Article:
My grandfather passed away 7 years ago. My mother was name executrix of the will and in the will the house my grandfather owned (located in North Carolina) was willed to my mother as the only biological heir. She was an only child. My biological grandmother (his first wife) passed away many years before he did. He remarried within two years of my grandmother's death. There is a pre-nuptial agreement between my grandfather and his second wife (my step-grandmother). The pre-nuptial agreement gives his second wife (his wife at the time of his death) a life estate for the house with the house going to his heir when she dies. My mother, who is elderly, neglected to ever have the house changed to her name after my grandfather passed away. His second wife is still living (in an nursing home) and is not legally competent. What is my mother's legal status with the house? Can she sell or rent the house?
1 Answer from Attorneys
Probably not. The second wife has a life estate. The second wife can rent it out or convey the life estate to your mother if she wishes. If the second wife is on longer mentally competent, then she would need a power of attorney to do that for her. If she does not have an agent under a power of attorney, then a guardian would need appointed. Or you could just wait until the second wife passed away if she is not in good health and is elderly. The house could only be sold if the second wife's agent or guardian and your mother agreed. The second wife and your mother would then apportion the proceeds.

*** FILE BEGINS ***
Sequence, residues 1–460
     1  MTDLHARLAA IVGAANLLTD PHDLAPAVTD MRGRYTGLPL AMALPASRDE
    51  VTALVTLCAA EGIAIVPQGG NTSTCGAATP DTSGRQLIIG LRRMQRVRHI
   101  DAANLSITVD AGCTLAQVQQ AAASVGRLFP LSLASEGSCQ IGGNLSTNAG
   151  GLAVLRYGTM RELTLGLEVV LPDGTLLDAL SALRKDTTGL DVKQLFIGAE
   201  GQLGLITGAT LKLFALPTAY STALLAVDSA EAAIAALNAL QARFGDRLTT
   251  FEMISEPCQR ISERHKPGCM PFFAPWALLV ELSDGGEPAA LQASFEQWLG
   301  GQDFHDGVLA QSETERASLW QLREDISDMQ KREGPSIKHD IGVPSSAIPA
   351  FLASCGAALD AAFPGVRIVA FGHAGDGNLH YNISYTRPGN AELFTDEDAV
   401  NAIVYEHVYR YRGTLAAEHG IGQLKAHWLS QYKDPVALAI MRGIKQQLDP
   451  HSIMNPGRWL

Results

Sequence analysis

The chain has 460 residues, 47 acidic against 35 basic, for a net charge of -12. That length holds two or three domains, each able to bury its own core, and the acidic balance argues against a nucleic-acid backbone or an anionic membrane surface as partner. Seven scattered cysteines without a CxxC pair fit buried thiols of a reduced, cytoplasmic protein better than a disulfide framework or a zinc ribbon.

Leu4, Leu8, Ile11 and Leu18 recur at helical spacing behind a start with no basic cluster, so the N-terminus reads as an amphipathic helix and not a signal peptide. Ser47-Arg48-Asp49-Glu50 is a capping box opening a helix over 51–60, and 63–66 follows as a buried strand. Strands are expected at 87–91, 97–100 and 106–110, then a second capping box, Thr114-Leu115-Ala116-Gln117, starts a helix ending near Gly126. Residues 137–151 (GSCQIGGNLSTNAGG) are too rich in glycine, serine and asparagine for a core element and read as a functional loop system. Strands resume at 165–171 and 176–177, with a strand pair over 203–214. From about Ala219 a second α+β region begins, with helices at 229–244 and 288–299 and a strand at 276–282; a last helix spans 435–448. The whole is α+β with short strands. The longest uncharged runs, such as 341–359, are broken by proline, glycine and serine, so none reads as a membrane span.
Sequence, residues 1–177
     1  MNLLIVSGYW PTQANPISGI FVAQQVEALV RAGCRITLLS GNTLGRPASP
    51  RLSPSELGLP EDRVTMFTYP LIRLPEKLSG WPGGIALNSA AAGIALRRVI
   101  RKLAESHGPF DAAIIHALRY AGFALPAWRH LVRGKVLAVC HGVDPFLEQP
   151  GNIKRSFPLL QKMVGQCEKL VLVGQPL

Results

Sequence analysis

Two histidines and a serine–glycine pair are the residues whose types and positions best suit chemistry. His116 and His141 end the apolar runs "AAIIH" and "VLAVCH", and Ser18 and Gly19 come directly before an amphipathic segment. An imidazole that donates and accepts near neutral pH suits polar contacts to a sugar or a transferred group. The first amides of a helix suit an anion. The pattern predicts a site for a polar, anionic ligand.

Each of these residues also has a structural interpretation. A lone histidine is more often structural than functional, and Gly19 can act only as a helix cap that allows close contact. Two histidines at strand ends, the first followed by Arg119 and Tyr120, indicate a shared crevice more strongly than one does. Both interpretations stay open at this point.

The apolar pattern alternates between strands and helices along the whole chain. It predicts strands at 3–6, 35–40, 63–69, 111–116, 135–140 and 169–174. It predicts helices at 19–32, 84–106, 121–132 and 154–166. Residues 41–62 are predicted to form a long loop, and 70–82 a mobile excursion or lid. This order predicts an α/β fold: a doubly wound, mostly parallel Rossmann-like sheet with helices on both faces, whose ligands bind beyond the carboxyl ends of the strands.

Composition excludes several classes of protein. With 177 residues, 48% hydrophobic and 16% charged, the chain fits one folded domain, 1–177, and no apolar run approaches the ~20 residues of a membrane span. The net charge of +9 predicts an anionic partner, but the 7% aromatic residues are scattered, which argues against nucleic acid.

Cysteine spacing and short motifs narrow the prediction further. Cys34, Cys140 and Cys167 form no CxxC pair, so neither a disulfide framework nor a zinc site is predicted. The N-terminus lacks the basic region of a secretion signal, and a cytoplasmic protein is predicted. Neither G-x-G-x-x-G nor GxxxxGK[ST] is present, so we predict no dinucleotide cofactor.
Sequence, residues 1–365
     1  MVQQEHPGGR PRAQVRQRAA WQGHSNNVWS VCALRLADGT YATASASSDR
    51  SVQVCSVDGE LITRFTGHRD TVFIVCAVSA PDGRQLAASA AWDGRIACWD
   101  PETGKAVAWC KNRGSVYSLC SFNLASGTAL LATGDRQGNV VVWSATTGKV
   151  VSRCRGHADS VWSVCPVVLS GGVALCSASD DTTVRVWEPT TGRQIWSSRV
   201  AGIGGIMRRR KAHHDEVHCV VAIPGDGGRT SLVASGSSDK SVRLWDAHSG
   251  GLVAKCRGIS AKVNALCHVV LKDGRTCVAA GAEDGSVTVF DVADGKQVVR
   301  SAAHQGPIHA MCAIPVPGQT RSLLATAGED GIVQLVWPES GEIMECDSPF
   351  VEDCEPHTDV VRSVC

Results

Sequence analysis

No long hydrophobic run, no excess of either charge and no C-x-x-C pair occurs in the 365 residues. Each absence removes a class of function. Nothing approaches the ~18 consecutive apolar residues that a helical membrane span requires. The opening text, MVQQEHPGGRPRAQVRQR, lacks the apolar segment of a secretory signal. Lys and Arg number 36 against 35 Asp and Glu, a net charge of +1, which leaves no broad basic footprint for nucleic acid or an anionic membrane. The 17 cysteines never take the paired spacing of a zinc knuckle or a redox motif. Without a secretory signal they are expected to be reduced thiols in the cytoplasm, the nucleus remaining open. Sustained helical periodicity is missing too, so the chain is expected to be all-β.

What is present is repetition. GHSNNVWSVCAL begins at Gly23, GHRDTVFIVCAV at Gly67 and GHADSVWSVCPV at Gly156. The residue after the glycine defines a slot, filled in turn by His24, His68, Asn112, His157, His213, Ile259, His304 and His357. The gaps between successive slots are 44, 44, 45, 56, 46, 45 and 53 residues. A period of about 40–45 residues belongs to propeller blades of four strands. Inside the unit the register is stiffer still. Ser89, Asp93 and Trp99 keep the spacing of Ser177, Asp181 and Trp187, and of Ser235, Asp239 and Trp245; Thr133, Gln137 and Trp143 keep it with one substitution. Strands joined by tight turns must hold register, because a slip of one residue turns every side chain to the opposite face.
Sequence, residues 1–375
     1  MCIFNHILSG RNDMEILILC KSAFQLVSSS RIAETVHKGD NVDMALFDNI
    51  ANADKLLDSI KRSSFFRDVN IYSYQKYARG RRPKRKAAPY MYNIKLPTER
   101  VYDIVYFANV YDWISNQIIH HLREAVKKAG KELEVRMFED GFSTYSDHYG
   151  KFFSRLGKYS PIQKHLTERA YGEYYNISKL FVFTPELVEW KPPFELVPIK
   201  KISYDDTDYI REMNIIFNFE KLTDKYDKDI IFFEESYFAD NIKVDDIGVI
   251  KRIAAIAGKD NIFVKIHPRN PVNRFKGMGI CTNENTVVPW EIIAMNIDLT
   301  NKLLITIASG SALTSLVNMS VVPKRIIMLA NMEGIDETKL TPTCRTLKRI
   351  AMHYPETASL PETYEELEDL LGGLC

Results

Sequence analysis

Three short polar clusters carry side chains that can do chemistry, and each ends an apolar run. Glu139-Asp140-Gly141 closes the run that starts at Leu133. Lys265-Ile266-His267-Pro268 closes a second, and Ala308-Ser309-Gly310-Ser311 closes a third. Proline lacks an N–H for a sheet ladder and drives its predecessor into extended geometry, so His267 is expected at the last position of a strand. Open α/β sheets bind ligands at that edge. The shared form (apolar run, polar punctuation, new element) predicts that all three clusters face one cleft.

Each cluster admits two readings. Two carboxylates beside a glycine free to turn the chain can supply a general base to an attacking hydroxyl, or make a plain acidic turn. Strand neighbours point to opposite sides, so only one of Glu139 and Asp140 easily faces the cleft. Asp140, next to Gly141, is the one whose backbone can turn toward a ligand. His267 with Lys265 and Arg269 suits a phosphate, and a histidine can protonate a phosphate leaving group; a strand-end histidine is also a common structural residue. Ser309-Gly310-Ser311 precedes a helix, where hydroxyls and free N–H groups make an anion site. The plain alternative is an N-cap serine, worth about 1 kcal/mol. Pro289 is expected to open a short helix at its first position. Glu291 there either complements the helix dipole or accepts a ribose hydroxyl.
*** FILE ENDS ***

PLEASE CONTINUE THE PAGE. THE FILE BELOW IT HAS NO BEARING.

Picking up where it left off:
However, you indicate the second wife is in a nursing home. How is she paying for her care? Is she on Medicaid? If so, then selling the home could have drastic consequences for her as Medicaid recipients are only allowed to have no more than $2000 per month in assets. A sale of the home would trigger her receipt of funds which would render her ineligible for Medicaid.
What was done by your grandfather was done. Unless the pre-nuptial agreement gave the second wife a conditional life estate (it could say that if she ever leaves the home for 90 days she forfeits the life estate) then the best thing to do might be to wait until she dies at which time your mother will own 100% of the property.
If you have any questions you might want to have your grandfather's will and pre-nuptial agreement reviewed by a probate attorney.
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